Wish I had the MC books.

Thanks for the comment!

mike said...

Nice post and blog. Found my way here via Google.

When the price difference between combi-ovens and circulators gets small enough, switching costs may matter. Generalizing from my experience, I bet these switching costs are extremely salient for home cooks with families.

I love my immersion circulator, but I've had to reorganize my kitchen and cooking habits to use it on a regular basis. If I purchased a combi-oven, I don't think I'd have to make changes on a similar scale to put it to work. But I don't own a combi-oven. I could be wrong.

And right now, I think the price difference is still too large for this to matter.

Jack Hammer said...

I have a sous vide supreme and I love how the food tastes. If the combi oven could give me the exact taste, texture and tenderness Im all for what is the most convenient. The oven I bought recently contains a top smaller and bottom larger oven. I can see this replacing the top smaller oven. If an oven came with this option, i'd snatch it up in a heart beat. As far as sous vide, you can make a portable hook up you can take anywhere and snap into any cooler for $100 so I dont see it going away. Just a different paradigm in how it's used as. A nice adaptation for tailgating at games would go over really well. Just my two cents and I'm a genius so my two cents are made of gold.

Anonymous said...

Well, I think both have their place in the kitchen.

I have a commercial combi oven, chamber vac and a circulator in my home kitchen. For some reason I find that I get better results with tender cuts of beef with the the combi without sous vide. Somehow the vacuum bagging seems to make the end result less juicy. Cuts like roast beef of lamb, on the other hand, come out juicy and tender when vacuum bagged. I have really not been able to figure out when to sous vide and when not while low temperature cooking meat proteins. I thing the level of vacuum makes a difference as well. Chamber vacs can pull off up to 99% vacuum compressing whatever is inside.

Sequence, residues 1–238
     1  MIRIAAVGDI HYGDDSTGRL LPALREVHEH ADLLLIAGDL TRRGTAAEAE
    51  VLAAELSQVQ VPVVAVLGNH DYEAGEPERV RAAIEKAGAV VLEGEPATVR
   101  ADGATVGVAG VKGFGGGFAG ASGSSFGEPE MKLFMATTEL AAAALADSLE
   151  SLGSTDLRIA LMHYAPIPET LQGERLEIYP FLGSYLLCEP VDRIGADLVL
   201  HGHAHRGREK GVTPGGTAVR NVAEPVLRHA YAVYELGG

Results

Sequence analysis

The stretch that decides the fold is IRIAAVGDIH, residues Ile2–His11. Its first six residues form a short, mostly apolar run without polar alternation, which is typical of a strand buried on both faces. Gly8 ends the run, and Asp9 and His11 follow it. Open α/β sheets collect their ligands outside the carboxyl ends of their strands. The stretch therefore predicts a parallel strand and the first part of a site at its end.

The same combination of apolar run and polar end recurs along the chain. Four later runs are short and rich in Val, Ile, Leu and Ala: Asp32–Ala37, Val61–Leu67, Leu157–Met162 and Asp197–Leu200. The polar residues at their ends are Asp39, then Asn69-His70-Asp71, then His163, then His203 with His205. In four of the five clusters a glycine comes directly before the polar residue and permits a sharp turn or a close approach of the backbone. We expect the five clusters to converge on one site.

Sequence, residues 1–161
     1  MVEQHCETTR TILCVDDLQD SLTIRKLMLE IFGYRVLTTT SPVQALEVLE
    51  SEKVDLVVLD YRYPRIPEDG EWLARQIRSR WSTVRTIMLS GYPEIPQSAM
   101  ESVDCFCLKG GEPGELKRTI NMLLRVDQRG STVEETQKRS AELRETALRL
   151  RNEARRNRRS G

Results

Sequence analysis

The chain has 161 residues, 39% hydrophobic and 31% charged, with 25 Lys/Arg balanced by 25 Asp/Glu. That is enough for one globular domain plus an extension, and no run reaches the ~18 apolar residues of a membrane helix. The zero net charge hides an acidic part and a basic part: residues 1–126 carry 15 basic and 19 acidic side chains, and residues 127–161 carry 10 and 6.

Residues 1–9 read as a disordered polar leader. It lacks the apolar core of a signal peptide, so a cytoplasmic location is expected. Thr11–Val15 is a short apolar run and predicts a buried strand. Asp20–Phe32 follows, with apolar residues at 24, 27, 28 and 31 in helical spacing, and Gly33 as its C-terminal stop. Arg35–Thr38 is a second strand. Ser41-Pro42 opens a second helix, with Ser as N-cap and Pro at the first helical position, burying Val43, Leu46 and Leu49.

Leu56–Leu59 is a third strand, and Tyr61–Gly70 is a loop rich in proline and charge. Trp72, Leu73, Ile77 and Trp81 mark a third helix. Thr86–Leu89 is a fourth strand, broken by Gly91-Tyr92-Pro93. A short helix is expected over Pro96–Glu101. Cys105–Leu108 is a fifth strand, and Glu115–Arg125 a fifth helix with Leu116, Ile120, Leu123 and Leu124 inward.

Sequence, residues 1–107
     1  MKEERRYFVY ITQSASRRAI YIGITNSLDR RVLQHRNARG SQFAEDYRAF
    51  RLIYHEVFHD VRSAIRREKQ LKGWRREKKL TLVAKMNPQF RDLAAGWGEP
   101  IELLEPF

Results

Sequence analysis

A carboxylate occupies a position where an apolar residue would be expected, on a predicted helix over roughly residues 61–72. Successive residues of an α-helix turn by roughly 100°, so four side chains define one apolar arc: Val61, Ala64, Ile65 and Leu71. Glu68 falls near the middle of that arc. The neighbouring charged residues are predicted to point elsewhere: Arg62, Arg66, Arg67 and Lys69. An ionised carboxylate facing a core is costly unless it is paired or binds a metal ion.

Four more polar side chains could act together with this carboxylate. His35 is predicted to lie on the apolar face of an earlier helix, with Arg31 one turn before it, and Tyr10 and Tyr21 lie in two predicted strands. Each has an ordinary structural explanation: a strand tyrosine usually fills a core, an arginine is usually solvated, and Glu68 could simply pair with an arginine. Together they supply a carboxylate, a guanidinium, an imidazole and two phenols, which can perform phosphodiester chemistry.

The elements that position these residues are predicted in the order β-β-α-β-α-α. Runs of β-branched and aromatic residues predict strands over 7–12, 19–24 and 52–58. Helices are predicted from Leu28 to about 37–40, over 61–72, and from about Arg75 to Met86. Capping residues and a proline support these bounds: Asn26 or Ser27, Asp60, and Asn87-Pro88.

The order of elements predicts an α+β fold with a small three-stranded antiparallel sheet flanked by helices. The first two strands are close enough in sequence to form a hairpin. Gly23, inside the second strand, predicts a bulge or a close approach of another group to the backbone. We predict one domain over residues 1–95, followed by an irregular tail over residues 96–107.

I am cooking sous vide both with the combi and a circulator. A circulator is definitely more energy efficient than a 6kW 400V combi (Unox XVC 305E). Circulator is also portable and easy to store. You can use a circulator for low temperature cooking even when not doing it under vacuum (sous vide) by using zip lock bags and water displacement method.

So, both will have a place in my kitchen in the future as well. I have a separate water bath, which is complete waste of space and money. I will replace that with an other circulator. The combi really is the best single piece of kitchen equipment I have (not counting scales and thermometers). I is really versatile, fast, cleans itself, etc. I have a small regular Miele convection oven with grill, but use it only when I need the capacity. I would rather take a second smaller combi, like a Unox XVC 105 stacked with the 305 that can be controlled from the master oven. I was seriously contemplating getting compatible stackable blast chiller from Unox, but I simply did not have the space for that.

Most European main stream white goods makers have domestic steam ovens in their product ranges. The Wolf steam oven is made by Swiss VZug. Domestic steam ovens typically do not require a water and sewage connection like commercial ovens do. The domestic ovens I have looked at typically cannot provide steam at high temperatures or extract humidity from the oven cavity, like the commercial counterparts. I still think steam ovens are a major step forward in domestic kitchen technology and will be the next "microwave" of the future. Microwave becomes, by the way, completely obsolete once you have a combi.

Dominik MJ said...

A couple of years down the line of this post, I have to express quite some doubt. Combi-steamers were and are very expensive - and I guess, they still will going to be in a higher price segment. However the development of immersion circulators and other sous vide equipment [I have a PID kid in combination with a rice cooker] just drop in price.
Second: even though if combisteamers are used, you still might need to use a bag. One part of the sous vide "magic" is the cooking in a sealed environment. It is also possible to use reusable plastic bags as well [which are obviously less convenient but better for the environment].

Low temperature cooking is not necessary the same as sous vide cooking... hence the post is a bit misleading!